It's a bit surprising that Bell's wasn't able to get everything out by the deadline, but I'm wondering if it was stuff they didn't really want and will probably claim as a loss. I wish the article had specified what had to be left behind. I'm hoping that sign was saved- that would be a terrible loss.
That baffles my mind. If I was Robby Bell, I would have filed a lawsuit long before it was time to pack up and leave. It's not like things seem a little shady- this sounds like a downright sour deal made behind closed doors and motivated by a lot of money and politics. I can't imagine letting that go without some kind of response.
^I've said the exact same thing from the outset, Jeff. The "Fair" offer of a few thousand dollars ($10K, IIRC), at the LAST minute, to try and get Bell's off their site, reeked of the Board trying to suggest that they were "helping" the Bells to vacate their precious space...as if to mitigate the award in the *eventual* settlement.
If no lawsuit is filed before the appropriate deadline passes, I will be *shocked*...and frankly, disappointed.
^What would they file a lawsuit for? They leased land from the fair, and the fair decided they wanted it back. There's nothing illegal about it at all, but mind you everything behind the situation went beyond unethical.
Everything completely important made it out (I.E. - the log flume and Zingo) but I'll miss the Chili Peppers, Phantasmagoria, and the old car ride. Was the sign really toppled though? They said before that they wanted to set it up at the new park.
However tragic this situation is, you must admit that Bell's is set to win out, if they can get investors, and the fair will lose all around. The fair will get a huge drop in attendance, plus a load of bickering for years to come, not to mention a huge loss in lease money and everything else Bell's brought. Bell's on the other hand, will probably be able to start a whole new park, and Robbie will be allowed to set it up just the way he wants, with all his old classic rides and a mess of new ones as well. So I guess it'll all turn out - eventually.
It was the implied relationship between someone on the fair board (or maybe the executive, I don't remember) and possible alternate concessionaires that I found suspicious. How could everyone be OK with that?
^Ah yes, you mean things like the $5,000 'campaign grant' given by the Murphy Bros. (owners of Big Splash and almost all the fair rides) to county commissioner Miller. That same Miller happened to be not only the one who started the idea of kicking Bell's out, but also the one the granted the Murphy Bros. unprecedented free reign over the Tulsa State Fair with a ten-year, no-bid contract to be the main midway operator. They also get to use most of Bell's old land. Coincidence? Well, they don't exactly have much to go on for a lawsuit. Don't get me started on the Expo manager...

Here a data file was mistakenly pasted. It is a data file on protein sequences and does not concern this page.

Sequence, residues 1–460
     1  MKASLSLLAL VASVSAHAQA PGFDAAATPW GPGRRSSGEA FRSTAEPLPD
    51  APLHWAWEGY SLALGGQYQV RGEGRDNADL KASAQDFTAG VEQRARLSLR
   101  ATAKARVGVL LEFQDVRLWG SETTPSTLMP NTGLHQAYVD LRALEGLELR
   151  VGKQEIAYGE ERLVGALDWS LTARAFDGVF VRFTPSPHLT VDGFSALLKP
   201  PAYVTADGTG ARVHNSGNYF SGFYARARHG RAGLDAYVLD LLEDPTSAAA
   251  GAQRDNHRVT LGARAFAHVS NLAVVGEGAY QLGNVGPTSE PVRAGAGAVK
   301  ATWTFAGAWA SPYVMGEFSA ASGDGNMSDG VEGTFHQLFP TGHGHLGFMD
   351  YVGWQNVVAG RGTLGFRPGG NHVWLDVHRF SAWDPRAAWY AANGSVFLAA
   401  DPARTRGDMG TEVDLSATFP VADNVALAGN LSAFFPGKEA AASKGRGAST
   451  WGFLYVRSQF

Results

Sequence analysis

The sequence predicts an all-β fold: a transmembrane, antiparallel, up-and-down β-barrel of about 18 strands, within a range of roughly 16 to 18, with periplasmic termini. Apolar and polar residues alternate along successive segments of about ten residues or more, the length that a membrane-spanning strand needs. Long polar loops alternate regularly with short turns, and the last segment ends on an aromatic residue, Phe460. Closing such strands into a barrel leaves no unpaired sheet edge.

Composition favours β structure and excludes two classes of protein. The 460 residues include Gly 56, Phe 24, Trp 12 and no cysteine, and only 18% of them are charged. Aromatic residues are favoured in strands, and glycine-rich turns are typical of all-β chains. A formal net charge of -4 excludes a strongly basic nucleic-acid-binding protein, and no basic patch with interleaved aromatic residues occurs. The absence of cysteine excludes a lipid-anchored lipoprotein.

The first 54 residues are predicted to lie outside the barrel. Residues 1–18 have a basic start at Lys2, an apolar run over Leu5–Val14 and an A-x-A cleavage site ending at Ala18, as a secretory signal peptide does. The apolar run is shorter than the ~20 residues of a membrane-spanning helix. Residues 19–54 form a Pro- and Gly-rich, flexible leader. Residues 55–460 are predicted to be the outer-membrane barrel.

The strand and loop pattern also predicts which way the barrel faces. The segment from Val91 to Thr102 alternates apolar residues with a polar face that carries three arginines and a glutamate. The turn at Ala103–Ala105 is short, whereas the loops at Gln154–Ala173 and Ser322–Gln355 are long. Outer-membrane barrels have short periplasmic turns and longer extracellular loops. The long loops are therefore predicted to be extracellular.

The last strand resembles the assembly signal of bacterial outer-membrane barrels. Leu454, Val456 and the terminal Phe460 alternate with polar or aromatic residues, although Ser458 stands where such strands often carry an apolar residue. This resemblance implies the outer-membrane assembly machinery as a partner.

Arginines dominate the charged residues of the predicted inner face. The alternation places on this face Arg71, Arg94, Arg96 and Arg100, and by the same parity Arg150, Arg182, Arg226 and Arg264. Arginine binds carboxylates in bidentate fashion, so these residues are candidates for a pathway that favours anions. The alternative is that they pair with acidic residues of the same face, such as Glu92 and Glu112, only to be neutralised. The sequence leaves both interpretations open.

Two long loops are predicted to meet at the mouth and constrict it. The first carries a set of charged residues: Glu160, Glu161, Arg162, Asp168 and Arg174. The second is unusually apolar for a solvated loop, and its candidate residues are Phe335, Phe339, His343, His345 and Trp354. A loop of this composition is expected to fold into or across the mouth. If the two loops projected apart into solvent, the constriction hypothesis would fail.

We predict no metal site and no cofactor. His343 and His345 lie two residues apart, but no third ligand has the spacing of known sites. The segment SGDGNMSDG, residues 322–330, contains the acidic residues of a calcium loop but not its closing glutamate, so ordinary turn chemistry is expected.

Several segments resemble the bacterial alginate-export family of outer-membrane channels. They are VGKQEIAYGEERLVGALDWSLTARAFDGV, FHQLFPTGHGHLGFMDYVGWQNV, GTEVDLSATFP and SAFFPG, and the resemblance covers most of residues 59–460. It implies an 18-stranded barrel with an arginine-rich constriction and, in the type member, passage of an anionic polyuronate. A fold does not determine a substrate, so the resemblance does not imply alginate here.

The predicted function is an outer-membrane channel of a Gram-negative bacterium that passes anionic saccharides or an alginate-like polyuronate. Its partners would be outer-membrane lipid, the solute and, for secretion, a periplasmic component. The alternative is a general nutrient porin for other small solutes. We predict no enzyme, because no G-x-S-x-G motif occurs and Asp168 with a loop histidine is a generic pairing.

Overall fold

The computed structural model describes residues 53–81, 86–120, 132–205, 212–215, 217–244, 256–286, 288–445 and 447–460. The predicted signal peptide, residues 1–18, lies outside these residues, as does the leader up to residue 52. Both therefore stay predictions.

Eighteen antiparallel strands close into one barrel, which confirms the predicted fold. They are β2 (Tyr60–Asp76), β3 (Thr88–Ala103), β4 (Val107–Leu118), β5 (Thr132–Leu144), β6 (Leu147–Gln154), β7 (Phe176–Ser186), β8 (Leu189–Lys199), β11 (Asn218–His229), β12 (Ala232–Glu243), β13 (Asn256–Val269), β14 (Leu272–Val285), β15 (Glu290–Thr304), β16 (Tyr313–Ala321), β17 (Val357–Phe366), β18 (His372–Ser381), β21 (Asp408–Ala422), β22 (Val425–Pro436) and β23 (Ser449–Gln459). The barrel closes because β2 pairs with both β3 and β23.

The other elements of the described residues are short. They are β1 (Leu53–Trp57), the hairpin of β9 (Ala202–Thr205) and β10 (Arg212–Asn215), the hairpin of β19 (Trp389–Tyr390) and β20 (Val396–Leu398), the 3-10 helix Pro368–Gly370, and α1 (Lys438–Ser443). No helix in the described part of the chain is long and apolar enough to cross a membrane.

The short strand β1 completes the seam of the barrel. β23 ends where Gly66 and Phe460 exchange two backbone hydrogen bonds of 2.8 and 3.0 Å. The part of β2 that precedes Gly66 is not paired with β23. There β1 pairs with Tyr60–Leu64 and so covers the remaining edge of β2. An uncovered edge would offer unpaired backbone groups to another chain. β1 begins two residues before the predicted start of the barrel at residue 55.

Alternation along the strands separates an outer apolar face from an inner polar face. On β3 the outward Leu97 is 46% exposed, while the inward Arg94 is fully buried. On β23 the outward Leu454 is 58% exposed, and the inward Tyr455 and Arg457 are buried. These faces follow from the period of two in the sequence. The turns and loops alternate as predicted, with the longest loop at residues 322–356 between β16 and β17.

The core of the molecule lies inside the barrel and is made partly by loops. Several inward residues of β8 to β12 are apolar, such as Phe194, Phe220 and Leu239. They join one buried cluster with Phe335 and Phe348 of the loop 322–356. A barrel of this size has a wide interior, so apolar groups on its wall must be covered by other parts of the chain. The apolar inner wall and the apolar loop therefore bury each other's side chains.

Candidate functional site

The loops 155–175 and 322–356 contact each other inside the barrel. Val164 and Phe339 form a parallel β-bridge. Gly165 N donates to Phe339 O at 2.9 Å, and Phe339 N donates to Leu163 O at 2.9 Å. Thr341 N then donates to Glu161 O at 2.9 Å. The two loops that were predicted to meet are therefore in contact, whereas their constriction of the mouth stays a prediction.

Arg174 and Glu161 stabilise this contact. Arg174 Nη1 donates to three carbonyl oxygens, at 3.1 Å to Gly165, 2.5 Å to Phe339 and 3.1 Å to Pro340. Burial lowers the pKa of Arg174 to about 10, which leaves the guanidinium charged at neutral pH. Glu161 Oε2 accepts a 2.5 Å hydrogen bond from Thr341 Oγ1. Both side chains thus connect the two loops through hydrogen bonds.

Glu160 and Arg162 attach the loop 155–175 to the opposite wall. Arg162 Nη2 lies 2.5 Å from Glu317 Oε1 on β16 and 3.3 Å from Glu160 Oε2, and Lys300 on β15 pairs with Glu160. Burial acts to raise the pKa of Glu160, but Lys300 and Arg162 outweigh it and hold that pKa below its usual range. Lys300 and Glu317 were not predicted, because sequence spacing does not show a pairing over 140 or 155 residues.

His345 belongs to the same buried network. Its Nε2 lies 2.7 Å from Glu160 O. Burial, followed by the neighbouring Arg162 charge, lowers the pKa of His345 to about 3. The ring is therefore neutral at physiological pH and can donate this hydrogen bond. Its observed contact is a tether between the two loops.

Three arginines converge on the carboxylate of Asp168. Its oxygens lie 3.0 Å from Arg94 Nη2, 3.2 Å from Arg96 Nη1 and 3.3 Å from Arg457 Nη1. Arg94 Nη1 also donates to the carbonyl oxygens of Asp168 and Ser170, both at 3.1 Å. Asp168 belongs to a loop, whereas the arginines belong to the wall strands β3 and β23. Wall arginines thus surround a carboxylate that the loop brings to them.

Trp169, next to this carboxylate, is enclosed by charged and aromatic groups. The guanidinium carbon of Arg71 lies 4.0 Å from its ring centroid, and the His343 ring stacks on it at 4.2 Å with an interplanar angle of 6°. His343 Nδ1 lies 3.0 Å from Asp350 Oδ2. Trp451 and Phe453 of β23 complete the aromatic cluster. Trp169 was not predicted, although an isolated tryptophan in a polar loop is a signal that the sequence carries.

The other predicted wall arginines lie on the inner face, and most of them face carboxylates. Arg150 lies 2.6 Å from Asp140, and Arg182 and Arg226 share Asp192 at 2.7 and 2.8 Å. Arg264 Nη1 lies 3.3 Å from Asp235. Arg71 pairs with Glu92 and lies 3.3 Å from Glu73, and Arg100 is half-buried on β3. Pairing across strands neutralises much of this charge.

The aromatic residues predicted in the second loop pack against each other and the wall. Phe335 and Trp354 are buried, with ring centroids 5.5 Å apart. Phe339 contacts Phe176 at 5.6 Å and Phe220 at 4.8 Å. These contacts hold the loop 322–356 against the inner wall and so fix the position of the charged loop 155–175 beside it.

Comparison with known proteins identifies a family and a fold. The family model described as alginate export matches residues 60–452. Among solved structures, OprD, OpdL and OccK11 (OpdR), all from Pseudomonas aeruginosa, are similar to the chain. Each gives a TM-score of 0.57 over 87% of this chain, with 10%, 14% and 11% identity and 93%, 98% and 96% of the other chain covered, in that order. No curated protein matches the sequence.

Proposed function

Still, when the fair gets screwed over in the coming couple of years, maybe the records will be reviewed and justice will be served.
The whole thing reeks of b.s. The park was negotiating to extend the lease, and all of a sudden the park is ordered to vacate the premises? For the fair board to do a complete 180 clearly implies that something had gone awry.
Remember the Wildcat accident in 1997? The lawyer who represented the families against Bells was Mr. Clark Brewster.
This is the same Clark Brewster that sits on the fair board.
I have personally heard Clark's partner DeAngelis say very negative things about the Bell family. I have never met or spoke with Clark, but if her opinion is a reflection of Clark's, then I wouldn't doubt he wasn't out to "get" the Bell family.
Lawsuits cost money...something the Bell family just doesn't have. They could have borrowed money for new rides (new coaster, etc.) while they had a viable business, but now there isn't a "source" of revenue.
Also, I don't think $5 Million was left behind...it was mentioned elsewhere that it would take about 5 Million to get things back up and running the way they would like.
^^^ Damn, so there it was, but maybe they got it moved off at the last minute. They did say they wanted to take the sign with them, but if they couldn't save it I'm sure we'll see a new one that will resemble it.
^ I think you have it switched around, it would take much more than $5 million to get things back up and running, like say, $30-$40 million. $5 million hardly covers the water slides, log flume facade, buildings, arcade, and equipment that was stolen from Bell's.
I hope they just leave big piles of crap all over the site for the fair to have to clean up.
Maybe Bell had to make a decision- spend time and money on a lawsuit, or spend time and money getting the park rebuilt. I'm sure I would pick the latter, as a lawsuit is never a guarantee. Just trying to think of reasons why a lawsuit was never filed when one should have been.
^I'm telling you guys, there's absolutely nothing to sue over. Now, the taxpayers should definitely start something against the fair, but there's nothing Bell's can do.
Bell's leased their land, and the land owners decided they didn't want to lease anymore, it's that simple. It might have been 'wrong' but it wasn't illegal.
Still though, the tax payers will pay well over half a million just to clear out Bell's and build the parking lot. From there, there will be a loss of over $150,000 a year from the fair's income, a massive loss in tourism and interest in the area, and the drop in fair attendance. Thus, there should be some kind of protest, just for the sake of the poor taxpayers.